Re: Theos-World feedback on intellectual rights and ethics
Nov 12, 1997 06:13 PM
by M K Ramadoss
At 08:31 AM 11/12/97 -0800, Eldon B Tucker wrote:
>Hi. I'm writing a brief piece on intellectual rights and the
>ethics of mailing lists. Following is a draft of some early
>thoughts. I'm posting it to both theos-talk, theos-l, and
>ti-l for comments from the three respective groups of writers,
>because I'd appreciate feedback from writers on these lists.
> A posting is the intellectual property of its writer. When someone
> submits an article to a magazine, the magazine gets copyright for
> use of the article as part of an integral whole. It may not reuse
> the article separately nor in other contexts. These other rights
> to the article belong to the author.
> Posting something to a mailing list is effectively submitting an
> article to a magazine. The author has implicitly given copyright
> to the list to publish the work. That includes the initial posting,
> the quoting in replies, and the inclusion of the piece in the
> list archives.
> Reposting an piece to another list, or on a news group, is effectively
> reprinting an article in another magazine. This is something that
> should not be done without the author's permission. Sometimes
> there may be *implicit* permission. That is, it is clear by what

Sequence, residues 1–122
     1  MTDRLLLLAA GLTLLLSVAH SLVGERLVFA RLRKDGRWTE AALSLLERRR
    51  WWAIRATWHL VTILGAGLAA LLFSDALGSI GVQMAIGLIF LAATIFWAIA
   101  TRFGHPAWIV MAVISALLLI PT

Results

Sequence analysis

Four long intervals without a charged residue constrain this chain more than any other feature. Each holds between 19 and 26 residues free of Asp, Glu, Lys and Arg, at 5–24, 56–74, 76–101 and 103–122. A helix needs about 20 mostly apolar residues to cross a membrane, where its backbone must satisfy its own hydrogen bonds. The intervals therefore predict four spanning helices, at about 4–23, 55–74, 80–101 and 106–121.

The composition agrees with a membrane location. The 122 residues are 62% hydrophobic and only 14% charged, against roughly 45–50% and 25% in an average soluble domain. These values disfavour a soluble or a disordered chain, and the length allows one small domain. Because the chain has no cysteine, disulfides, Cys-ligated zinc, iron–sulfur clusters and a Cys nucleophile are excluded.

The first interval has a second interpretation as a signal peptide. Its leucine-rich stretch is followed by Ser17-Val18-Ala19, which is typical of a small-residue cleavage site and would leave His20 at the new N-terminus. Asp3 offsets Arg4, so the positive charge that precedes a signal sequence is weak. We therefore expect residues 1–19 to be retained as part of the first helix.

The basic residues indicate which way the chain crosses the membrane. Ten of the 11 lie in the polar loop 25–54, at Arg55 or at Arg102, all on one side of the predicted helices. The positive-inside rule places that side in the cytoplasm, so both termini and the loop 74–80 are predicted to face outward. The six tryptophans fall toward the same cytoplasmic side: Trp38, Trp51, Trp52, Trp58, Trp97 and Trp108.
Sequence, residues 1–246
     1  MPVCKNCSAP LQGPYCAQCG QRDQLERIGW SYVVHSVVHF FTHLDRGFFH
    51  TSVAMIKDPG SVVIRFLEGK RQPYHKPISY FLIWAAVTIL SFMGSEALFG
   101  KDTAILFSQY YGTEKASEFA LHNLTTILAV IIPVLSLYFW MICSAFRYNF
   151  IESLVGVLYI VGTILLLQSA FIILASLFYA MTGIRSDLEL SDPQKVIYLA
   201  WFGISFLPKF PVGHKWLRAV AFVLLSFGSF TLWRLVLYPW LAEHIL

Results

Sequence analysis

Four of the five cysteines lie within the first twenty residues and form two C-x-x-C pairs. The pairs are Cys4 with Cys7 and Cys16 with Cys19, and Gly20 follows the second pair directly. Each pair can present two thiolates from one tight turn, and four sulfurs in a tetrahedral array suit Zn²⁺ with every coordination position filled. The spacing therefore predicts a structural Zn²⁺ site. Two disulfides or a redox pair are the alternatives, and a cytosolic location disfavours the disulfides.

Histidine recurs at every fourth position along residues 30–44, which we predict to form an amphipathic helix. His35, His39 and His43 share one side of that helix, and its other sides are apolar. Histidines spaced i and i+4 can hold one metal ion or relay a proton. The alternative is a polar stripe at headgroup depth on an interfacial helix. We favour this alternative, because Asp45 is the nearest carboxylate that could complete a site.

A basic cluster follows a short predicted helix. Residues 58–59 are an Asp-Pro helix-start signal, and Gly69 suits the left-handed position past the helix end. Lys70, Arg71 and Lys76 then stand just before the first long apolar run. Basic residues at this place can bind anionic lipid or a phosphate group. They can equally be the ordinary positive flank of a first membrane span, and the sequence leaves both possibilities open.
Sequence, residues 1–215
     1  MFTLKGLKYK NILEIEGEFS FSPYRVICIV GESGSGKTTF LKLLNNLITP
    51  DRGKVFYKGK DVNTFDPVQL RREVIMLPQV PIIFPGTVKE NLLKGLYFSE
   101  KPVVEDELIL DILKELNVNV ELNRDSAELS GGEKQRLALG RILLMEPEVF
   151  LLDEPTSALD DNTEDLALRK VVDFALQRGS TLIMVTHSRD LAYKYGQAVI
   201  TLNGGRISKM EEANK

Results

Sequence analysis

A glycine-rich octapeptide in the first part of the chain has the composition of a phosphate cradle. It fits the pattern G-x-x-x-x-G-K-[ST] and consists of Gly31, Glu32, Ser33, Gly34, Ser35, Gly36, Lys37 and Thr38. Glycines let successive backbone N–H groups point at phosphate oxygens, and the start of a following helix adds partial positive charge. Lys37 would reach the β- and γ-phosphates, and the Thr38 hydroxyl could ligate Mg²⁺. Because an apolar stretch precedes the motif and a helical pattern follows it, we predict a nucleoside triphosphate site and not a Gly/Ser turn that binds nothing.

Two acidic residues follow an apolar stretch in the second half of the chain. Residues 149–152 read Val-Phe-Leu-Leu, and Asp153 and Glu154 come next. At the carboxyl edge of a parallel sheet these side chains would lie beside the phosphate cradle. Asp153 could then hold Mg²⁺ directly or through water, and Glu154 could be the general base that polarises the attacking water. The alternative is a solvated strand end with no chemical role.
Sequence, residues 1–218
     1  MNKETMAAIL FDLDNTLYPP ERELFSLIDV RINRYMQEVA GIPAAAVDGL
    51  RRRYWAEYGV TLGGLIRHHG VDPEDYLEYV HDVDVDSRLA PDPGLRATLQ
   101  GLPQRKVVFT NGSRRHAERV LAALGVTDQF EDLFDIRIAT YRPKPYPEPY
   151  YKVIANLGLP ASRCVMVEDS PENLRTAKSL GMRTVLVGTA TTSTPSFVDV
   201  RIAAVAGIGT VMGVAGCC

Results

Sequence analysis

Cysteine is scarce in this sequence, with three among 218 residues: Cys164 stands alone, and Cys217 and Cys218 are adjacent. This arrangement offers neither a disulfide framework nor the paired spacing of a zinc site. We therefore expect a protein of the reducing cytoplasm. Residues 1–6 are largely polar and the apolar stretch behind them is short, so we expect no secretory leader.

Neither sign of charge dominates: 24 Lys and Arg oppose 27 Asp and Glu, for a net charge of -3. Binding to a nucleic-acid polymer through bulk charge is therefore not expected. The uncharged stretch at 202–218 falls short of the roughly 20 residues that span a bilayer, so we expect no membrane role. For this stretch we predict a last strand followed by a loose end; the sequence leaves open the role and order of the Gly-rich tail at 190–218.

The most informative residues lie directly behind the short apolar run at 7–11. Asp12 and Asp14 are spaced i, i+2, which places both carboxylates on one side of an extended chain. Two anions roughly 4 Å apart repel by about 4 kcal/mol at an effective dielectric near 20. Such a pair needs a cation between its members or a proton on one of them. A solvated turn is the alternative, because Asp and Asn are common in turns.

> is written that it is fine with the author to repost (republish)
> the work. Whenever it's not clear-cut, it's always best -- and
> quite easy -- to write the author.
> It's also acceptable to cite small portions of a work in a
> critical review. When that review is held on another list or
> news group, though, there's the question of intellectual
> honesty. The small portions quoted from a single message in
> an on-going discussion can easily be out-of-context, and
> wildly misrepresent the nature of the discussion and what
> the writer was saying. This can range from a mild misrepresentation
> of the author's views to bitter back-stabbing in a place where
> the author is not present to defend themselves. If someone
> wants a similar discussion on a different list, it's quite
> easy to simply make a few statements, perhaps including some
> ideas that they disagree with, and let things go from there.
The whole issue of intellectual property rights on Internet and etiquette
(if any) is still very much in evolution.
Right now, anything goes is what is going. Even if the rights issue is
sorted out, enforcement of any violation is going to be impossible.
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